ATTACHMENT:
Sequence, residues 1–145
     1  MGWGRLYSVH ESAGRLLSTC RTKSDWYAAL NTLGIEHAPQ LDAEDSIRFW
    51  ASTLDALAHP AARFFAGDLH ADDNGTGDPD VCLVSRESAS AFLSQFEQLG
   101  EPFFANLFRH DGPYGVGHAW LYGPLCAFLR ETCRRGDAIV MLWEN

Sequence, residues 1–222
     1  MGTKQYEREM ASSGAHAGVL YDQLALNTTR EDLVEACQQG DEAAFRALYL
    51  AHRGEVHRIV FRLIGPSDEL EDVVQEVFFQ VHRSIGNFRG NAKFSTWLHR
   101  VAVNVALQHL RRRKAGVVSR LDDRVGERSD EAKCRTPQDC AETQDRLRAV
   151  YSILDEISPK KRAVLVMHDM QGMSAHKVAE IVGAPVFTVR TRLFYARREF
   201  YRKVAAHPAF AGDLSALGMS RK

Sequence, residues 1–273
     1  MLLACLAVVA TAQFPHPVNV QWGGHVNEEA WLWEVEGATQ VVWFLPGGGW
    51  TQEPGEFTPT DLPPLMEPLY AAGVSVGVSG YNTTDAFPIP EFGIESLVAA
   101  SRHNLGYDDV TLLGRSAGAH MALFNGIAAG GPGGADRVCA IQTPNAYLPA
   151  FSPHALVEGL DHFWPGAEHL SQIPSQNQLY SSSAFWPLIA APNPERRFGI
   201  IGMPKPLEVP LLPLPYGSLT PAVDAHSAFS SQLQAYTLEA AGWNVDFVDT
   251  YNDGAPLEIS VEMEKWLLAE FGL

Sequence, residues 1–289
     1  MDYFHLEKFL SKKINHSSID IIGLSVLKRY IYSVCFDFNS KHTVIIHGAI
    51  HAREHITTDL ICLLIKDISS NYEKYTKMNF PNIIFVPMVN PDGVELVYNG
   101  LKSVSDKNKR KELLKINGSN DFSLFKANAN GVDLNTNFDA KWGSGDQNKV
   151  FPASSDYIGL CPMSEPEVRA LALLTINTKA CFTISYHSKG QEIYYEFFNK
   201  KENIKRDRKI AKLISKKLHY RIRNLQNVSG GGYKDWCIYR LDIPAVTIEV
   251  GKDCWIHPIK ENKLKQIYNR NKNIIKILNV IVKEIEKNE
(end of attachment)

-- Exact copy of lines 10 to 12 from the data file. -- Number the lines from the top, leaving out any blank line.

   201  YRKVAAHPAF AGDLSALGMS RK

Sequence, residues 1–273
     1  MLLACLAVVA TAQFPHPVNV QWGGHVNEEA WLWEVEGATQ VVWFLPGGGW